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A dynamic menswear course with an international reputation for challenging the conventions of fashion design, nurturing and refining talent to produce some of the most forward thinking creatives in menswear design today. Read more

Introduction

A dynamic menswear course with an international reputation for challenging the conventions of fashion design, nurturing and refining talent to produce some of the most forward thinking creatives in menswear design today.

Content

MA FDT Menswear at London College of Fashion has built an international reputation for design that asks questions and presents unexpected solutions to the mainstays of fashion design and garment construction. It is a course where innovation and craft intersect at the crossroads of modernity to produce pioneering menswear designers.

Students investigate their own practice to define design methodologies that encompass key concepts of fabric, cut and silhouette. Based on rigorous research and analytical thinking, the course encourages fresh perspectives in menswear design.

Students come from a wide range of backgrounds bringing a breadth of experience to their peer group and discipline. Emerging from a diversity of practice and theory based undergraduate studies, including Womenswear, Fine Art, Architecture and Semiotics, they are able to explore the potential of their transferable skills and knowledge into menswear design methodologies.

Alumni have gone on to set up successful design labels, work for international brands or continue their research to PhD level. This is the course where menswear talent is nurtured and refined to produce some of the most forward thinking creatives in menswear design today.

Structure

15 months level 7 180 credits

Term One

Creative and Technical Innovation (40 credits)
Research Methods (20 credits)

Term Two

Collaborative Unit (20 credits)
Technical Analysis and Development (40 units)

Term Three

Masters Project (60 credits)

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Wearable Futures is a cross-disciplinary umbrella programme for designers who are interested in the cluster of technologies and experiences that have the human body and its covering as their centre of focus. Read more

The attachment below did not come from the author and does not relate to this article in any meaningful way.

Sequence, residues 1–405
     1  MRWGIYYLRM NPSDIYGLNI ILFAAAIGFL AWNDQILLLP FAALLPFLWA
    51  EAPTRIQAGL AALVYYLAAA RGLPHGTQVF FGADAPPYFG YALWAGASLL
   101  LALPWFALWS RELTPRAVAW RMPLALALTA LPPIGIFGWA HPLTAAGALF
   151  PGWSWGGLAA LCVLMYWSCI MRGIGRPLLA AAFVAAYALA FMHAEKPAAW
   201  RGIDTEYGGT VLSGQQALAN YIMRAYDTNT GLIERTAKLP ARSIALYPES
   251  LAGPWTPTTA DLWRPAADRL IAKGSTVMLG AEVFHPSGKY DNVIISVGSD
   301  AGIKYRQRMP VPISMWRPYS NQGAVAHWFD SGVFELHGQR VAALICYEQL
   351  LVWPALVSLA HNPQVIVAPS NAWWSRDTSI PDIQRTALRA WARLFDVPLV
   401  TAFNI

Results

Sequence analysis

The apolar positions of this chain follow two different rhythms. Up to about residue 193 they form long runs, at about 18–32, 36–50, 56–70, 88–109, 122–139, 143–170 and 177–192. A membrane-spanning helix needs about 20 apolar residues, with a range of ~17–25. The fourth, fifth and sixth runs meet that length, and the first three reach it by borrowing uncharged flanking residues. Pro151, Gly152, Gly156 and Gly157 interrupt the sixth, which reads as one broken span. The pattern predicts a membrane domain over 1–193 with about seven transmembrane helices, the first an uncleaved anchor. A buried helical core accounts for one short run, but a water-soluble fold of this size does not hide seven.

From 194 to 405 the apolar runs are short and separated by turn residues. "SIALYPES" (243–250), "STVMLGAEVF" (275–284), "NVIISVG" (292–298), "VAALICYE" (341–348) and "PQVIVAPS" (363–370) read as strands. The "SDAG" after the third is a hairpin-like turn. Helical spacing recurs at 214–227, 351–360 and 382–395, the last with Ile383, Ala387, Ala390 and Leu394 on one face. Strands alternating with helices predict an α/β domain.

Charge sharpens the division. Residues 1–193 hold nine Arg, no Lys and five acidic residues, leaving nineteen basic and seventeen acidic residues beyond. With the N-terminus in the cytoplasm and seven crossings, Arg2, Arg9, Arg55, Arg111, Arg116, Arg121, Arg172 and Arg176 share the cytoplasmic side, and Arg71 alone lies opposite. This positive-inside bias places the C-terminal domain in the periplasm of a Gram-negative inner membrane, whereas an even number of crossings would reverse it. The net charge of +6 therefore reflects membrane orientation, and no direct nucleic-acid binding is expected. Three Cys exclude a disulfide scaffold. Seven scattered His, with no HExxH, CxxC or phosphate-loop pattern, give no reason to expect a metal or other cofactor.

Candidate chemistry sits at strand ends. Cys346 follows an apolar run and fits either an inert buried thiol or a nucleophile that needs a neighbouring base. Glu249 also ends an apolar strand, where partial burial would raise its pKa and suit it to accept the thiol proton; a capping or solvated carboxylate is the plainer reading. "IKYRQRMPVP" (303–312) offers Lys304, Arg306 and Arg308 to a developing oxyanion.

Wearable Futures is a cross-disciplinary umbrella programme for designers who are interested in the cluster of technologies and experiences that have the human body and its covering as their centre of focus.

The course offers a holistic environment based on the integration of creative computing, digital craftsmanship and material cultures, while also incorporating the technologies and advances in hardware that are impacting on manufacturing techniques and associated applications. Wearable futures has come about as part of Ravensbourne’s current commitment to become creative leader in the field of wearable applications and body-centric design. Ravensbourne's digital research culture is contributing significantly in this context.

The main conceptual framework for the course will be provided by theories of digital craftsmanship, body-centric technologies and phenomenological readings and speculative philosophy. These will form an important research foundation for building Ravensbourne’s critical reach and will assist in helping you to sift and prioritise the current trends and thought relating to fashion and discussion around the body within data informed spaces. An interdisciplinary field of study will include interaction and experience design (UX), “making” and open source culture, design innovation and applied philosophy. You will be introduced to philosophical trends and these will tie in with your practice and help you to develop a critical view incorporating design fiction and other emerging theories. You will engage with research methods such as participatory, user study and user-centered design.

"One of the exciting things about the design industries today is that boundaries of former categories such as fashion, product or experience design have been broken down" - Alexa Pollman, Subject leader, MA Wearable Futures.